Sunday, January 8, 2012
Countdown to Planyavsky at MIT (19 days)
The following is a humorous explanation by Peter Planyavsky of why he became a composer. (As you will see, he pokes fun both at himself and at the state of music in the Church at one time.)
"Before somebody else comes forward and makes it public, I would rather admit it myself: I ALSO COMPOSE.
"First, I had not planned it, but – I realized it very soon – I was literally forced to become active in that direction. Of course there were a few pieces out there that had been composed, but many of them were not very useful. To name just a few examples: some songs by Mozart and Hugo Wolf were indeed of acceptable quality and were actually usable as Responsorial Psalms; however, the texts were very questionable. Attempts to use drastically abridged scenes (without the scenery) from Wagner operas as Offertories failed, because somewhere in the middle the next Mass would begin.
"And as for solo organ music – ask yourself: will you torment yourself and the audience with such minor masters as Murschhauser or Reger? No, ultimately we must do everything ourselves.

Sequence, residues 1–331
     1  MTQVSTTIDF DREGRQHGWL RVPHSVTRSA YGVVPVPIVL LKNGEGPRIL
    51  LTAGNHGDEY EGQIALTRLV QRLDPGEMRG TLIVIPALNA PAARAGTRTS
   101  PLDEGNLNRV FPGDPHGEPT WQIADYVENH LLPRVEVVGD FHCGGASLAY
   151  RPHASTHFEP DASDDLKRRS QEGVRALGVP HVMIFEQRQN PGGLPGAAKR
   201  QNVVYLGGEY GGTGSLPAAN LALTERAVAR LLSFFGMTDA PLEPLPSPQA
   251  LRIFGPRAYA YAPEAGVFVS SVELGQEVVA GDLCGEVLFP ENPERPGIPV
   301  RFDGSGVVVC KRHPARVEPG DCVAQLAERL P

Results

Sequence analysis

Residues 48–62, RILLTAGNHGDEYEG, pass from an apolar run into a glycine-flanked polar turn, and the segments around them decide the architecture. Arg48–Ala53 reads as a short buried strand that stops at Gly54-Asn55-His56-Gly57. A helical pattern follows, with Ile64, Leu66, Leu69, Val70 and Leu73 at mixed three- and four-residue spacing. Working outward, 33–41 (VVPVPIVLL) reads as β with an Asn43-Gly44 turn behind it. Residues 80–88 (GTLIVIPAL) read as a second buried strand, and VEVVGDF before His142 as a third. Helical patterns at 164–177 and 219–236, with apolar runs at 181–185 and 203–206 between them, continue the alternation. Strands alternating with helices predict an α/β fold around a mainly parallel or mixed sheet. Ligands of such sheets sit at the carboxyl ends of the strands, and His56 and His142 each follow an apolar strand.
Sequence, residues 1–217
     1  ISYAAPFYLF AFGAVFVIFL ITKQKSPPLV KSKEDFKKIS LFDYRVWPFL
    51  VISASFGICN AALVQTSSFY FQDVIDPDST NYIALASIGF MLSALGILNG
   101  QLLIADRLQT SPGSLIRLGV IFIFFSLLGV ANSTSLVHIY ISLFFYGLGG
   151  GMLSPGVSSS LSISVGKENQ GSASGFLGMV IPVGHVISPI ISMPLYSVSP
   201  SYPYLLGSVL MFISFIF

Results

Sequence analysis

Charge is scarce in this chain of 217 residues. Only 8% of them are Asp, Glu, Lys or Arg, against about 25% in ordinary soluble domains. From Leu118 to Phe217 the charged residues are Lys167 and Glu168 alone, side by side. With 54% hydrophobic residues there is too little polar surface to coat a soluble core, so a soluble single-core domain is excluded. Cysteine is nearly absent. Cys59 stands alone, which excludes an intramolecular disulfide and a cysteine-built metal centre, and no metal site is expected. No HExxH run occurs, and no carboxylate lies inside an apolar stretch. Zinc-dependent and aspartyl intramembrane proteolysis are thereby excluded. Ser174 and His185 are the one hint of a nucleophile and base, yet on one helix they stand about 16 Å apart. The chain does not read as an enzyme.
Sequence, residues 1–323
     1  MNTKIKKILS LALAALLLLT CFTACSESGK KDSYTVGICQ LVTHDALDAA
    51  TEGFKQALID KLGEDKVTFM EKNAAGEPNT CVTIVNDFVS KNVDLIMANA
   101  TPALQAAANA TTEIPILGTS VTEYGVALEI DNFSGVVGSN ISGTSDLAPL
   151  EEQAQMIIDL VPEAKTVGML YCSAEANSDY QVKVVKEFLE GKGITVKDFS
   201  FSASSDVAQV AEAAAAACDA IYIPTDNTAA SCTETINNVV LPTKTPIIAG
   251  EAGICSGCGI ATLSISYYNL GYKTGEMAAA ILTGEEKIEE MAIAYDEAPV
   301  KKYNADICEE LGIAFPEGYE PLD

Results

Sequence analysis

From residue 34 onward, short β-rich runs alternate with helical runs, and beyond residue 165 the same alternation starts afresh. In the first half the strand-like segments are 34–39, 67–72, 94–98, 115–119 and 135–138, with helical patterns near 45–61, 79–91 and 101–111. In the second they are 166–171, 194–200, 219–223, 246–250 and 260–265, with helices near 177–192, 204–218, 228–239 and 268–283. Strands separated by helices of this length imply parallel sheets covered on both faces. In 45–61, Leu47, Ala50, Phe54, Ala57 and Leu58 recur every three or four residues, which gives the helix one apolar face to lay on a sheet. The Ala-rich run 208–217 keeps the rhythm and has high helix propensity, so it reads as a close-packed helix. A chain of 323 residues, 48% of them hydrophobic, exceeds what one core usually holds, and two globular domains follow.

"This train of thought was shared by many. (Not that they all composed for themselves! They gave me commissions. [...]) The train of thought was shared also by some publishers. (Not that they all composed for themselves either! But they printed compositions of mine.) [...] The reasonings of all these people were evidently found to be correct by all the other people who decided to perform my pieces. [...]"
(From the official website of Peter Planyavsky, http://www.peterplanyavsky.at, English translation by Leonardo Ciampa.)
And now, Planyavsky's most popular composition, the Toccata alla Rumba. The sheet music has sold many thousands of copies. (One wonders, however: would this be best used as a Responsorial Psalm or an Offertory?)
(performed by Ines Maidre, in concert at Altenberg Cathedral)